For aging artists, nothing says “I’m out of ideas” like a covers album.
Paul McCartney released one recently. So have Queen Latifah, Sinead O’Connor, and even Neil Young and Bruce Springsteen. Rod Stewart has been dining out on the great American songbook for years.
Sometimes, the albums can be masterpieces. Willie Nelson’s “Stardust” comes to mind, and Linda Ronstadt’s “What’s New.” More often, they’re just contract fillers.
Leon Russell’s new “Life Journey” falls somewhere in between.
The two-time Grammy-winning piano rocker celebrates his 72nd birthday with a set of chestnuts from Delta blues to New York City pop.
As a songwriter, Russell has nothing to prove. His songs have been covered by everyone from Ray Charles, B.B. King, Joe Cocker, The Carpenters and George Benson. As a singer, he never was much of a vocalist and while some artists age nicely into a new voice (Johnny Cash), Russell has not.
Still, his squeaky croak sounds oddly appropriate on songs like Robert Johnson’s “Come On In My Kitchen” and “Lucky Old Sun.” Not so much on orchestral jazz swingers like Billy Joel’s “New York State of Mind” and the string-sweetened lullaby “The Masquerade is Over.”
There are two originals here, the boogie-woogie “Big Lips” and “Down in Dixieland.” It’s when he’s banging the piano that Russell has always been best.
The War on Drugs
“Lost in the Dream”
Kurt Vile leaving The War on Drugs in 2009 was supposed to be the death of the Philadelphia band.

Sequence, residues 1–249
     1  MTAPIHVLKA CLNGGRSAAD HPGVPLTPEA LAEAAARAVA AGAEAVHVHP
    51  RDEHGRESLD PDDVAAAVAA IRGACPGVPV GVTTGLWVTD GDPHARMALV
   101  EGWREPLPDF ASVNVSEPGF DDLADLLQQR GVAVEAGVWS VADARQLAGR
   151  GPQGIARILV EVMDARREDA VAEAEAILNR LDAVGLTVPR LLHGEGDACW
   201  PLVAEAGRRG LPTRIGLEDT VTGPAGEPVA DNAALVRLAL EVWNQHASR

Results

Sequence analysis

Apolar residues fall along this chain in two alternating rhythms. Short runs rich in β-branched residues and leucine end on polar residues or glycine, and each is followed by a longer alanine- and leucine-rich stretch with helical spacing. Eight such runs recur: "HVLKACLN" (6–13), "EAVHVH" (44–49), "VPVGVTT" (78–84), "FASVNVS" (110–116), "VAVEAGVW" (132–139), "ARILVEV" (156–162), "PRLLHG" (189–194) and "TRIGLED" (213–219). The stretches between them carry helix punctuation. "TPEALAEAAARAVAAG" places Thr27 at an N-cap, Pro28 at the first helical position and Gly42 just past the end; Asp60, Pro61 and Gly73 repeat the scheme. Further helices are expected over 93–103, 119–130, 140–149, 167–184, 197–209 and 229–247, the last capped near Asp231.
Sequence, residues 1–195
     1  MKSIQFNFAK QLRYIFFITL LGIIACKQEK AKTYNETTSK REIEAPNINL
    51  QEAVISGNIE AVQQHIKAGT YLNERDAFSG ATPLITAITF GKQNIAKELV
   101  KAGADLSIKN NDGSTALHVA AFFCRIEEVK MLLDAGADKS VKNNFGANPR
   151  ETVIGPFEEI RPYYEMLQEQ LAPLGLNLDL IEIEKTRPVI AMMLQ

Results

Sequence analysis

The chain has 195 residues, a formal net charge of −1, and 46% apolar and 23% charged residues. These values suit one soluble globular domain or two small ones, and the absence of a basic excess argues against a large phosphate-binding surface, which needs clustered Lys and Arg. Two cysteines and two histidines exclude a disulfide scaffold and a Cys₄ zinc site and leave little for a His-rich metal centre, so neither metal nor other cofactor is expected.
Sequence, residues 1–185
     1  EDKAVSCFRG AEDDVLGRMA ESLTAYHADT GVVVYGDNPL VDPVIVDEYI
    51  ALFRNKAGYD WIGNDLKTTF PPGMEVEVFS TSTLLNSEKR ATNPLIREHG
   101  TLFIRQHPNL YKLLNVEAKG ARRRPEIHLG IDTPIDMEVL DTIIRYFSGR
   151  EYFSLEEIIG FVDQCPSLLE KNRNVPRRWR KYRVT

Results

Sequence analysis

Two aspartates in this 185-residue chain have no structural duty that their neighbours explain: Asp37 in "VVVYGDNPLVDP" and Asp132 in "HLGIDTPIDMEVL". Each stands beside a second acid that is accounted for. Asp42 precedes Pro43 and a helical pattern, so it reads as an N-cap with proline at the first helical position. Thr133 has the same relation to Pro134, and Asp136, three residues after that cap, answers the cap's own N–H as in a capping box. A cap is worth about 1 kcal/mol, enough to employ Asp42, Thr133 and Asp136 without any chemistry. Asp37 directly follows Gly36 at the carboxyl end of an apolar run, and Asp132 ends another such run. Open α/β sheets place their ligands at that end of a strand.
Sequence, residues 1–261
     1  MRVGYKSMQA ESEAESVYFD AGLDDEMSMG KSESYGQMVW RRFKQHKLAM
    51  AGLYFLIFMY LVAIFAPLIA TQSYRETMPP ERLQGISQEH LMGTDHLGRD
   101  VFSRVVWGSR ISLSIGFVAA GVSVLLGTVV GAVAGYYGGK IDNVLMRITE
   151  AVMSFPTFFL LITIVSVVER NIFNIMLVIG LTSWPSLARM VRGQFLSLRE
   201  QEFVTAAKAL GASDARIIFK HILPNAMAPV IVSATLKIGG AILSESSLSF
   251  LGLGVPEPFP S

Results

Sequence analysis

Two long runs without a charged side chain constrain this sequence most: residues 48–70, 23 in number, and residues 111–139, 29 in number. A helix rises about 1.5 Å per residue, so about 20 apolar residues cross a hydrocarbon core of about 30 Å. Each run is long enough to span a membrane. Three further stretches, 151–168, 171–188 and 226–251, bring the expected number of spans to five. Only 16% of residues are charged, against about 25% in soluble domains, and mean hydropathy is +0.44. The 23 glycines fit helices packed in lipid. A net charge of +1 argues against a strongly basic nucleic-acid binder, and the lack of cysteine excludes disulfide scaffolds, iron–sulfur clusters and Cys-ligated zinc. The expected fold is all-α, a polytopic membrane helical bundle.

Frontman Adam Granduciel carried on, producing the band’s well-deserved breakout album “Slave Ambient” in 2011.
He’s done himself one better with the new “Lost in a Dream,” easily the Vile-less band’s finest work and one of the best albums of the year so far.
It’s still signature War on Drugs, with long stretches of layered sounds, and haunted
organs weaving in and out of R&B drum machine throbs. That’s classic Granduciel. In the 7-minute “An Ocean in Between the Wave,” the howling guitars blaze over a soft, wavering electric piano line.
“I bet against the company again / They tried to redefine me,” he sings over jangling Mark Knopfler-inspired guitars. In the New Wave-y “Red Eyes,” the keyboards drone over baritone sax grunts and ghostly strings.
By the time you finish the nearly nine-minute “Under the Pressure,” with its mounting swells of classic rock guitars, synth and horns, you’ll be gasping for breath.
Granduciel it seems isn’t even close to finding the peace he pleads for, but at least he’s found a beautiful way of living with it.
“Miles at the Fillmore 1970: The Bootleg Series Vol. 3 ”
By 1970, jazz was out and rock and soul were the new language of youthful rebellion.
That was just fine with Miles Davis.
During the late 1960s, Miles was clearly being influenced by funk and rock and the canny promoter Bill Graham started booking him into his Fillmore clubs, opening for bands like the Grateful Dead and Santana.
Young rock fans didn’t know what to make of Miles’ bombastic, chaotic sound, but they could tell he was up to something important.
The new four-CD set gathers shows from both the Fillmore East in New York City and Fillmore West in San Francisco, and restores more than two hours of previously unreleased material.
This is not Miles Davis for beginners. It takes some patience to appreciate the dark, primal, beauty to the jagged 12-minute explorations of songs like “Bitches Brew,” “The Mask” and “Miles Runs the Voodoo Down.”
Miles has surrounded himself with other like-minded jazz rebels, including Chick Corea, Keith Jarrett, Dave Holland, Jack DeJohnette and others. It’s not his most listenable period, but it may be his most interesting.